"Affordable" dining in Sydney?

Nov 27th, 2010, 06:44 PM
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"Affordable" dining in Sydney?

OK, was looking through the Outrageous food prices thread for Australia so Googled "cheap eats Sydney" and found this list:


Any experiences with those establishments? Most of them seem to be ethnic places (not that I have particular expectations of eating Kangaroo meat or whatever genuine Aussie cuisine might be).

Any other ideas?

Here's another list:


Well the accommodation I'm staying in may have rooms with stoves so I'll see if I can still get one of them.
scrb11 is online now  
Nov 27th, 2010, 10:20 PM
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Well who knows what "genuine Ausssie cuisine might be " ?

A lot of more reasonably priced meals will be "ethnic" and are good value.
Peteralan is offline  
Nov 27th, 2010, 11:14 PM
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Best value will be at little family run restaurants in the suburbs, rather than the bigger city restaurants.

Kangaroo and Emu etc. are really only found in restuarants and some pubs. Likewise bush herbs.

To quote Crocodile Dundee on bush tucker "You can live on it but it tastes like Sh**".

It is no accident the the only commercially grown "bush tucker" of any note is Macadamia nuts.

Our "genuine cuisine" is limited to beef and lamb, Flake, meat Pies, lamingtons and pavlova. Best to get your meat from a butcher rather than a supermarket. Bakery pies are usually OK. Lamingtons and Pavlova are really best if you make them yourself. Commercial ones are a mere shadow of what they should be.

Vegemite is essential and a good use for the sludge at the bottom of the vats at Carlton and United breweries. Try it thinly spread on toast or fresh bread and butter. Then work your way up to thicker amounts.
peterSale is offline  
Nov 28th, 2010, 02:28 AM
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I just had a quick peek at the Urban Spoon link - I've been to the Lindt Cafe before and I didn't enjoy the food. Much better was the Guylian Cafe in the Rocks, although I wouldn't call either cafe inexpensive. (Both excel at the sweeter type of thing). I have a bit more confidence in the Time Out link.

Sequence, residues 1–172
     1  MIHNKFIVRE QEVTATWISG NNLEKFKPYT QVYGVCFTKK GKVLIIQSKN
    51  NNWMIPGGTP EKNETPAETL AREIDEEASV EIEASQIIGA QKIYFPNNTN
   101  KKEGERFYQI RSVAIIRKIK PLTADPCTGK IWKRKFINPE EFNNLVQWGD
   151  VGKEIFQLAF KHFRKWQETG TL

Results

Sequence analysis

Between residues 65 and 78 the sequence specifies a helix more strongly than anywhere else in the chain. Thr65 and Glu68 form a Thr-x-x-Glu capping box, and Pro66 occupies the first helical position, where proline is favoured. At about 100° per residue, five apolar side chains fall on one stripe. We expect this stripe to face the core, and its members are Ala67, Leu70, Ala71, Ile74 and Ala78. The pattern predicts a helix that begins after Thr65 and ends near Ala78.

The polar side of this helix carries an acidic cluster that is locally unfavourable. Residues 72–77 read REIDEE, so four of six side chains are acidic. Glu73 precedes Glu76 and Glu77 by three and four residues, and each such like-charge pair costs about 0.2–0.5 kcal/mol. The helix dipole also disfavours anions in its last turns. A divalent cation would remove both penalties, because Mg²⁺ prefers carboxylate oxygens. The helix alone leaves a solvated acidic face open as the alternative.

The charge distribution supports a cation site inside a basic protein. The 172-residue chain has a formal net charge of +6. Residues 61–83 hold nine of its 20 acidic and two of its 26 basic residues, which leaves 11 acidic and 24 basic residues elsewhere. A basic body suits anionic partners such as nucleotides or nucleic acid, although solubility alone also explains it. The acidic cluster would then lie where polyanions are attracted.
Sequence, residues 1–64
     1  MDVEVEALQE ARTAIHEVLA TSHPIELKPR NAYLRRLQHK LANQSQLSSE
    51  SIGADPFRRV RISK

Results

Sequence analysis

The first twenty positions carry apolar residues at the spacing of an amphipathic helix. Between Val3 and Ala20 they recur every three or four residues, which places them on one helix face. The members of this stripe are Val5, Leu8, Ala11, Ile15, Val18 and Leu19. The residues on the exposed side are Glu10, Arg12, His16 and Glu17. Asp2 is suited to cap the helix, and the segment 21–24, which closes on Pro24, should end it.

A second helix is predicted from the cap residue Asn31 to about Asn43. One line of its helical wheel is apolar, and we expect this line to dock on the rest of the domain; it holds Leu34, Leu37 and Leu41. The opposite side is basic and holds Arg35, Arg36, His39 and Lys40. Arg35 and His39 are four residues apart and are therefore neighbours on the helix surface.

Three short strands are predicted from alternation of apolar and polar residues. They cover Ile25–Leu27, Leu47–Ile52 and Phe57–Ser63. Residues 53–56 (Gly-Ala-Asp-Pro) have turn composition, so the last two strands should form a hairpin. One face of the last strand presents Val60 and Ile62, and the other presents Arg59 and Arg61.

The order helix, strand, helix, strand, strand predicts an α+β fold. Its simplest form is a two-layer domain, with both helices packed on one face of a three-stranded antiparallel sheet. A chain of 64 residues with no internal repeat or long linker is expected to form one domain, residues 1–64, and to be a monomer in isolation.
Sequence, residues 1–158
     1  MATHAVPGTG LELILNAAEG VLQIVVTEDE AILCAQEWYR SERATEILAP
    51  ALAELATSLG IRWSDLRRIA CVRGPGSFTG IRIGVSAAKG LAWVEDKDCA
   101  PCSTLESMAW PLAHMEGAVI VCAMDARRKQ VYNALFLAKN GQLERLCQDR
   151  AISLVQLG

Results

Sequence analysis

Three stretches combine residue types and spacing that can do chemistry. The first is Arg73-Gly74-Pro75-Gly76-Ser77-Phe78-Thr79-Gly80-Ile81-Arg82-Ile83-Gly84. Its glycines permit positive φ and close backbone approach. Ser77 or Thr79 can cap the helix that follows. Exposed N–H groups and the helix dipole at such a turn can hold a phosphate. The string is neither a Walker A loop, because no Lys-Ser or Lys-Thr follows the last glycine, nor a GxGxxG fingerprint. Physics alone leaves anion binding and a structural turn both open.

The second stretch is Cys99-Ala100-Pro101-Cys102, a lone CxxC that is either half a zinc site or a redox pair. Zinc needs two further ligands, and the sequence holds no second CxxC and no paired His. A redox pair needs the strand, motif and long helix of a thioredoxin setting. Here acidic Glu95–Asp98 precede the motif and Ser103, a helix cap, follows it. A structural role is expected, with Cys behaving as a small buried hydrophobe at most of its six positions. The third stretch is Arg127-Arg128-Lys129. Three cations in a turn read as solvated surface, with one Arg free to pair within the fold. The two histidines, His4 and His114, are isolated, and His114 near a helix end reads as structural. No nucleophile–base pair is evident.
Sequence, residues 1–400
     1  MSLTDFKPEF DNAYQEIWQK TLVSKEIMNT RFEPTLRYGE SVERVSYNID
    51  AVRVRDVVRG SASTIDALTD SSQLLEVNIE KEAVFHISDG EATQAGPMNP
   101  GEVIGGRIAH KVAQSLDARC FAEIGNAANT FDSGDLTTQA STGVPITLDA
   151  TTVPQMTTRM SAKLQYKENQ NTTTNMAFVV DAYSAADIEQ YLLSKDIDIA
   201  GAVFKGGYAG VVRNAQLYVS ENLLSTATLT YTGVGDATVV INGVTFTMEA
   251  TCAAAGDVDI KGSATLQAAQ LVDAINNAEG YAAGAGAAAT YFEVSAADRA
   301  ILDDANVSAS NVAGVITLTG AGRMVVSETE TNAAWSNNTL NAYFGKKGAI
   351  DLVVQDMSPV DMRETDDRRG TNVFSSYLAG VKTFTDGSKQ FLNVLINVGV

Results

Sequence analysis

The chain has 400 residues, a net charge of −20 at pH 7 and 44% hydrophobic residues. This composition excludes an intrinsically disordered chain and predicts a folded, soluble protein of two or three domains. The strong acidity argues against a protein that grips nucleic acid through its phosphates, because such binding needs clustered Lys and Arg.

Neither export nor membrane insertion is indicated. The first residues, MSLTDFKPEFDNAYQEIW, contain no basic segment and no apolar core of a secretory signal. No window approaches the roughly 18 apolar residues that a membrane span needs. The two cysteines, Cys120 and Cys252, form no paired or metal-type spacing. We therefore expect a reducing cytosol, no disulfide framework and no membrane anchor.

For cheap food in the CBD (Central Business District), try the restaurants around Chinatown, or else try food courts in the major buildings and shopping centres. This food (food courts) is takeaway food, but it's usually good quality. Additionally some pubs have reasonably-priced food. If you are adventurous and willing to go into the suburbs, local restaurants are inexpensive and good quality. And of course if your accommodation has a kitchenette that would be the best way of saving money. Both Coles and Woolworths (supermarkets) have branches in the city.

lavandula is offline  
Nov 28th, 2010, 05:58 AM
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OK, maybe there's a disconnect between Australian English and American English.

My room is suppose to have a stove top but I would have to request a room with an oven.

So stove top is like a hot plate, just an electric coil for heating up stuff?

Looks like there will be a small fridge ("bar fridge") as well as a microwave so takeaway food sounds good. Not a foodie and it sounds like the local cuisine is English-derived with the meat pies and such.

I think the stereotype is beef with every meal, including breakfast.

How easy is it to get out to the suburbs (there are a number of different transport pass options I've heard of) and is there anything out there besides cheaper dining options?
scrb11 is online now  
Nov 28th, 2010, 11:28 AM
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I walked from Wynyard railway station (York & Margaret Streets) to the Darling Harbour overpass (cnr Market & Sussex streets) on Friday.

Thinking of the other thread, and one on another Forum; I took notice of the office workers' lunchtime venues & prices. Counted 22 on York Street,5 in one block on King Street and another 10 on Clarence, Kent & Sussex street. Missed a few. You won't starve, scrb11.